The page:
LIGHTNING SWAMP will become a learning hub to help kids reconnect with nature.
Friends of Lightning Swamp chair John Williams made a deputation to Bayswater council asking for a spot at adjacent Lightning Park to set up a transportable building as a learning space across the road from the swamp, as Perth’s shrinking remnant bushland over the decades has meant fewer youngsters have easy access to the environment.
“Lightning Swamp is the only remnant seasonal wetlands merging with natural banksia woodlands in the City of Bayswater, and likely one of the last surviving few in the Perth metropolitan area,” Mr Williams said.
It was becoming ever more important for kids to connect with nature: “As we confront the impact of urbanisation, climate, habitat loss, pollution etcetera contributing to biodiversity loss which threatens the health of highly valued ecological communities, it is also a time when many young children do not have the opportunities or abilities of learning to live with nature, nor can they develop the important skills and lifelong experiences to connect with natural environments as we fortunately drew upon when growing up.”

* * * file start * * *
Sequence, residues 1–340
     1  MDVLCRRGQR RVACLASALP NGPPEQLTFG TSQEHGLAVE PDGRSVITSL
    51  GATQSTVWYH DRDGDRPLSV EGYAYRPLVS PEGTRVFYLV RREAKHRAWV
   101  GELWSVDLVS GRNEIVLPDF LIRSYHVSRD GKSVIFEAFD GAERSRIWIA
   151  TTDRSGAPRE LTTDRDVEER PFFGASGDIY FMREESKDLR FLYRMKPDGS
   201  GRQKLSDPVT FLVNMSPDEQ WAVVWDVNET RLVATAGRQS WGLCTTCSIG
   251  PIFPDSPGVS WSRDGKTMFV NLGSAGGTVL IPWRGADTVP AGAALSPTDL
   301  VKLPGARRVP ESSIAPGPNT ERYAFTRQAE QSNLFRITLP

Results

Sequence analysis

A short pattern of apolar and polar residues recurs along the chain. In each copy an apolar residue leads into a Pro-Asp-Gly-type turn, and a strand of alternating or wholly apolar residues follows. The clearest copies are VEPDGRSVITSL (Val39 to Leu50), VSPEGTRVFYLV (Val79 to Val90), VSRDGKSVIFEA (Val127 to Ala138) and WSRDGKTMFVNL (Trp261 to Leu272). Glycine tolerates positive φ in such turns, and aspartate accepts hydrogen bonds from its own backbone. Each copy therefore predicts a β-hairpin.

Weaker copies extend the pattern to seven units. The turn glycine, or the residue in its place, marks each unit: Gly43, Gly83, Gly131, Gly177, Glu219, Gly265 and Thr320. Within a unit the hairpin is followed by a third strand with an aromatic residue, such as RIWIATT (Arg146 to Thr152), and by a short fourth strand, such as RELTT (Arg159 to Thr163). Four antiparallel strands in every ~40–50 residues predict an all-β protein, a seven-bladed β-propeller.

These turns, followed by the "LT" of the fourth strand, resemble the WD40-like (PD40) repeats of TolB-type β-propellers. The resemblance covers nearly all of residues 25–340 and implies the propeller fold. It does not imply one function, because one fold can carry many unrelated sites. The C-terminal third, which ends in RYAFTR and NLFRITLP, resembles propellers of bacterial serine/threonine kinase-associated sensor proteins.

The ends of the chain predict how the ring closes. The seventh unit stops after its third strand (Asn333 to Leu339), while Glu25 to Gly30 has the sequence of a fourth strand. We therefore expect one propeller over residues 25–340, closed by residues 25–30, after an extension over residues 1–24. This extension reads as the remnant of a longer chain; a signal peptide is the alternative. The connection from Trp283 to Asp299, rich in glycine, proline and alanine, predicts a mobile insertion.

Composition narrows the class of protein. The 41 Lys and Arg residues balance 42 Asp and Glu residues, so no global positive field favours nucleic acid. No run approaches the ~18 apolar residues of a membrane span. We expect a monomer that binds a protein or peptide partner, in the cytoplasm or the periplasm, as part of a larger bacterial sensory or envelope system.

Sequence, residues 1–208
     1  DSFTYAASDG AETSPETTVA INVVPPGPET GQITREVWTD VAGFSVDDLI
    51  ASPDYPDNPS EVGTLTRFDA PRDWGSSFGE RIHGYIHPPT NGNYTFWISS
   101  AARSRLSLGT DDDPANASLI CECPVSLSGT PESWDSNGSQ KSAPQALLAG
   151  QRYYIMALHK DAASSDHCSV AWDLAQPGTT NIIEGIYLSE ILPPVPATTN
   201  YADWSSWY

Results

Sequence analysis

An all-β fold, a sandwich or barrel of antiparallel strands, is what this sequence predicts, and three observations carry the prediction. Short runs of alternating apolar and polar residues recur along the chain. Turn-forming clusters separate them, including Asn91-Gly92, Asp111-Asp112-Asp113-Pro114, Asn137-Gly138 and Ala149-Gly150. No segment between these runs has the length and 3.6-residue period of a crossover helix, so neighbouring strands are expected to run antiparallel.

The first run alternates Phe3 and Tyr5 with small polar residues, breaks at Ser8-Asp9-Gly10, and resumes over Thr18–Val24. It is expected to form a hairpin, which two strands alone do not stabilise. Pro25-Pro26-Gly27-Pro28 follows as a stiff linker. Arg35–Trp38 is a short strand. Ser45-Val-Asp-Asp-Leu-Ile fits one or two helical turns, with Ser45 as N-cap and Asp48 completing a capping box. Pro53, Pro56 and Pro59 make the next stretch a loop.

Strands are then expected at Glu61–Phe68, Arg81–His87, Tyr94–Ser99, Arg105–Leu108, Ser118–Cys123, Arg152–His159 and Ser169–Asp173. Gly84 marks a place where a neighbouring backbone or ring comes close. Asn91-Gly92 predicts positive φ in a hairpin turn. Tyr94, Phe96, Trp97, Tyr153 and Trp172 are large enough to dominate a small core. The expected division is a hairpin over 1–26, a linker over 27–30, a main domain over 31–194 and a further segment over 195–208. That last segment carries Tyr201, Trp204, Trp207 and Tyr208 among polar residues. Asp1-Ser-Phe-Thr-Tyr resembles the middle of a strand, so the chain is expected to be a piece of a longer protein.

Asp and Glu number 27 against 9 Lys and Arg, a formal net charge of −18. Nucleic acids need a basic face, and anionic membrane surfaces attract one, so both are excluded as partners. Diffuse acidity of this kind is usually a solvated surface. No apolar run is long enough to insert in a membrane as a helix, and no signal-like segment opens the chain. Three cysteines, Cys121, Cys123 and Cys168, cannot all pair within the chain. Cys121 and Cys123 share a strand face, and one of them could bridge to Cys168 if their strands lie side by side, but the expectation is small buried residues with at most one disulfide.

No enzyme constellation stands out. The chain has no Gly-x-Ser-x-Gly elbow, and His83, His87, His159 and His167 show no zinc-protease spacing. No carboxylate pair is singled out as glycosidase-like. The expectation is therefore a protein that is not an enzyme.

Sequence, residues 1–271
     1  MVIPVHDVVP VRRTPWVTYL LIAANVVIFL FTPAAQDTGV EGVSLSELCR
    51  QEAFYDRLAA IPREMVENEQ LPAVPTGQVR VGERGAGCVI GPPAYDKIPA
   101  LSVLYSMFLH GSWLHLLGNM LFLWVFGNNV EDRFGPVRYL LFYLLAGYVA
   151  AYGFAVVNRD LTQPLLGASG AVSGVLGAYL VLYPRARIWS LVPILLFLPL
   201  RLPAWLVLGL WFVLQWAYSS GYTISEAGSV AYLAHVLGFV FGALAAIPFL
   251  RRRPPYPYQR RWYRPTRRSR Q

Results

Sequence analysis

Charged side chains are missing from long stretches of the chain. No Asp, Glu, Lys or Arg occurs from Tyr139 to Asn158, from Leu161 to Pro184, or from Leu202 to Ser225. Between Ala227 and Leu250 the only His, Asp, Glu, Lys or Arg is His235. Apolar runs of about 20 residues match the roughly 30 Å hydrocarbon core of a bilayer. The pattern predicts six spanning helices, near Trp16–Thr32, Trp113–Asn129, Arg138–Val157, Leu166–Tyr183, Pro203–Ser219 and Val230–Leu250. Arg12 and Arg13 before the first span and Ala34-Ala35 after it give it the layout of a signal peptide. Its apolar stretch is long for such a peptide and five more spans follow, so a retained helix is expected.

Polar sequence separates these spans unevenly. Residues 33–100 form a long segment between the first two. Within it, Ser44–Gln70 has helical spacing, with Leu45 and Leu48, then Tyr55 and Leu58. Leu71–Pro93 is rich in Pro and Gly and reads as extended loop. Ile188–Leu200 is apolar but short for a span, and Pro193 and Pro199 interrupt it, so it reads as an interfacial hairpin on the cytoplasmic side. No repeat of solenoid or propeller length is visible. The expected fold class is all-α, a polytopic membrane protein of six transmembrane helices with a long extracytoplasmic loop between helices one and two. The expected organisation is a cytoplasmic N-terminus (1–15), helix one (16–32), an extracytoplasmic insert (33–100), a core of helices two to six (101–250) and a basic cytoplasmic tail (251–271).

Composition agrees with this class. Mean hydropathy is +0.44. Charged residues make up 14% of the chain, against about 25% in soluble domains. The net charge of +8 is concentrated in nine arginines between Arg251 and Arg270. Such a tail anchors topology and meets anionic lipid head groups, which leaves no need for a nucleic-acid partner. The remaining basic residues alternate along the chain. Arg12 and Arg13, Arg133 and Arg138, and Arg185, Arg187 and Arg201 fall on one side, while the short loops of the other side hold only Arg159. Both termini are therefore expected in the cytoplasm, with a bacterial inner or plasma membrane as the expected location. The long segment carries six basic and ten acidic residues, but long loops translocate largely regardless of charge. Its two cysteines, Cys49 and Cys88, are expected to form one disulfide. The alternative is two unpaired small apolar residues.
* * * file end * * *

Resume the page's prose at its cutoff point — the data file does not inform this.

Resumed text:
In the long term the Friends group wants to find enough funding for a permanent facility at Lightning Park but for now they’ve secured a $50,000 state grant for a temporary transportable building to serve as a visitor learning space.
Bayswater council unanimously approved a five-year, $1 per annum lease for the Friends to use the spot last week. Mayor Filomena Piffaretti said: “The space will help provide educational opportunities to school children and the community so they can discover how important the area is for biodiversity and our ecosystem.
“Schools will be able to develop and coordinate multi-sensory outdoor activities based at the new centre to learn more about the bushland.”
Cr Piffaretti said the council’s still keen to help the group make the more permanent facility happen in the long run.
by DAVID BELL